Friday, August 16, 2013

This week I had an email conversation with the COGAT Gaza spokeswoman about the precise process of how goods get transferred into Gaza.

Here is how it works. (These are mostly COGAT's words, I edited them from multiple emails):

When a Gaza businessman wants to order goods from Israel privately, his first stop would be at the PA offices. There, there's a committee that is in charge of integrating all the requests and putting them in order, the Civil Committee of the PA, according to the format that is familiar to both sides. After that, it is that committee's job to pass a list of trucks that are to cross the next day. The head of the civil committee is in direct contact with the Gaza Coordination and Liaison Administration (CLA) and they work with him closely every day, through phone calls and meetings, in order to make the work process efficient. The PA committee is the CLA's POC, but it is not the one ordering the goods.

When the lists are received at the Gaza CLA, they get to the approval process, and once they are approved they are passed to the CLA's representatives at Kerem Shalom, who are the first to receive the truck drivers the next morning.

As of today, the capacity of Kerem Shalom is 400 trucks per day. Due to the number of requests from the PA Civil Committee the number of trucks crossing per day never reaches 400. It can go up to 300 trucks on a good day.

Of course, if the Palestinian side would like to add more trucks to cross at Kerem Shalom, they're free to do so. The Israeli side will make its arrangements to meet the demands.

Unfortunately, many trucks are a no show at the crossing, for Palestinian personal matters. The trucks are coordinated, and are on the list, but every day the CLA sees a large number of blank forms for trucks that never crossed. That depends almost entirely on the Palestinians. Should they decide to cancel a truck for whatever reason, the CLA only knows about it at the end of the day, when they sum up the merchandise that went through. (It appears possible that the Israeli seller might renege sometimes as well, but that doesn't appear to be the normal case.)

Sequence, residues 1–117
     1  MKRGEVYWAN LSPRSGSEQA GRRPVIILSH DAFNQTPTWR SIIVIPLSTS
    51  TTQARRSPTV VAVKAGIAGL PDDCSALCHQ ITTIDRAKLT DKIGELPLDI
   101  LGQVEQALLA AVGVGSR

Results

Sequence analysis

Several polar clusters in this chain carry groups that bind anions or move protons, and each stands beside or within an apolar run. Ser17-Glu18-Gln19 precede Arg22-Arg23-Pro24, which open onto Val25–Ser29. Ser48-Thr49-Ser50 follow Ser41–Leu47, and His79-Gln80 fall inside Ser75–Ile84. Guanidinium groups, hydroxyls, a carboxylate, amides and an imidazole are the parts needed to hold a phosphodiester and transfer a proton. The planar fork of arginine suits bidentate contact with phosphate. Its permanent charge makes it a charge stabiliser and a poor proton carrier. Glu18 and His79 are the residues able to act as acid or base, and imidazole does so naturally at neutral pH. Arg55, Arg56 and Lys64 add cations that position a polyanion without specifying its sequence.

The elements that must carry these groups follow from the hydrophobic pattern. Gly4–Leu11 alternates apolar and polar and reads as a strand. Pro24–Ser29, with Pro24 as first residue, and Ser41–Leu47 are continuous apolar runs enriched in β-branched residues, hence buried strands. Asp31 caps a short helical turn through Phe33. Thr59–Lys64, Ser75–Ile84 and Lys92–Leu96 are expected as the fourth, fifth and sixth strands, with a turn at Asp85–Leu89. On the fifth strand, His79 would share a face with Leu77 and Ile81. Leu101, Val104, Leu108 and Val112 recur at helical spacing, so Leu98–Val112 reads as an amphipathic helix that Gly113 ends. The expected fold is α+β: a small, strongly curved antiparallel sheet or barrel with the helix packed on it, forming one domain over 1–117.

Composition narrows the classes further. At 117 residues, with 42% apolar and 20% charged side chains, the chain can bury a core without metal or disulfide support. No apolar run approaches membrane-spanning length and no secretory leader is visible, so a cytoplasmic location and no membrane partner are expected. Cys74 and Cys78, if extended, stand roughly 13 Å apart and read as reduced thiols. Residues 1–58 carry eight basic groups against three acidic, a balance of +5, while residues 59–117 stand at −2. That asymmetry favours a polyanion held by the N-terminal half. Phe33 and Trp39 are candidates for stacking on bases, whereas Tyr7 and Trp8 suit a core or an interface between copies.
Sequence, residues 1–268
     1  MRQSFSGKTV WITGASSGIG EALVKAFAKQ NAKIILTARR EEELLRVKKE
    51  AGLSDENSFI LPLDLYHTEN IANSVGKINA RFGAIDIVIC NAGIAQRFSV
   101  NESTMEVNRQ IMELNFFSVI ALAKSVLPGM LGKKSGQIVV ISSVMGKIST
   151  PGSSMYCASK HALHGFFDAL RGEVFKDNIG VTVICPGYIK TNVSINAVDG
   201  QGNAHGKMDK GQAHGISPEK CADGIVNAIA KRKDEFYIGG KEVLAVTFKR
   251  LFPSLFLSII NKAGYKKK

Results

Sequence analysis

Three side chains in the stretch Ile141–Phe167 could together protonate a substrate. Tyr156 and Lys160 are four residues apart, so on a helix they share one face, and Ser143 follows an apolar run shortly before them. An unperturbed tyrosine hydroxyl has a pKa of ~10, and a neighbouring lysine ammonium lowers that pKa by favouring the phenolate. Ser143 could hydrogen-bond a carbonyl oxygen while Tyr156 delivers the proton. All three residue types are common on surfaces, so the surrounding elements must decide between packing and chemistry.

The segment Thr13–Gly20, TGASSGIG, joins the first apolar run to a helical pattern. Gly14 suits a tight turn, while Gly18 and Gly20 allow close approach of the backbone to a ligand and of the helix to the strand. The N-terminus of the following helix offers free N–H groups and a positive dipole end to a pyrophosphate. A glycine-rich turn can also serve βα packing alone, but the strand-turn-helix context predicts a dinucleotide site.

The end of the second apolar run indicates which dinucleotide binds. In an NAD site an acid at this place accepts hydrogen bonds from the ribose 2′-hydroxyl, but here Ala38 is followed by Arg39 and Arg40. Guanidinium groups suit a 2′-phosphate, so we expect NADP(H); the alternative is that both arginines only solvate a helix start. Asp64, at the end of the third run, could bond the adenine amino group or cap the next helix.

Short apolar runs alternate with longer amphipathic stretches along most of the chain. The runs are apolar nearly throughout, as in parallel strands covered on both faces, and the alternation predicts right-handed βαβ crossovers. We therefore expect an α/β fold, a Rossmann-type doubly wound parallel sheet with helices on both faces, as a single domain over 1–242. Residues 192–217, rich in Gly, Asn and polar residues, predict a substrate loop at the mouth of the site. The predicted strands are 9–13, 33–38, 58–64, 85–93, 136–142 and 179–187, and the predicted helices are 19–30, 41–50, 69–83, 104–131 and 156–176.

The Palestinian businessmen do their coordination with Israeli private companies on their own. They only interact with COGAT (through the PA) when it comes to making sure the goods actually cross.

My comments:

While Kerem Shalom can handle 400 trucks a day, and perhaps 300 actually are hired typically, often dozens of the expected trucks never make it, for whatever logistical reasons that the Gazans canceled the delivery at the last minute. Last week about 10% of the expected trucks did not arrive.

The upshot is that Kerem Shalom is not being run at capacity - not even close. If Israel's "siege" was so painful, one would expect that the crossing would be over capacity and that there would be pressure to expand it. But even now that Egypt has cracked down on smuggling, Kerem Shalom is not close to its limit. It has increased transfers markedly, from 4700 in February to 6600 in July, but it can handle far more.

It seems apparent that Hamas prefers goods to be sent through Rafah than from Israel, for a number of reasons. One is that the PA is not involved in Rafah tunnels. Another is that Hamas can tax tunnel goods at will. Yet another is that fuel and some other smuggled goods are cheap because Egypt subsidizes them, so Hamas can buy things like construction material and diesel at a discount. And the fourth is that Israel happily ships goods to businessmen and to NGOs, but not to Hamas. (Also, dual-use materials are still restricted so Hamas has no choice but to smuggle those.)

People and businesses in Gaza don't need that many imports from Egypt - but Hamas does.

The simple fact is that if Gaza was suffering from a "crushing siege," Kerem Shalom would be operating at capacity. It isn't.


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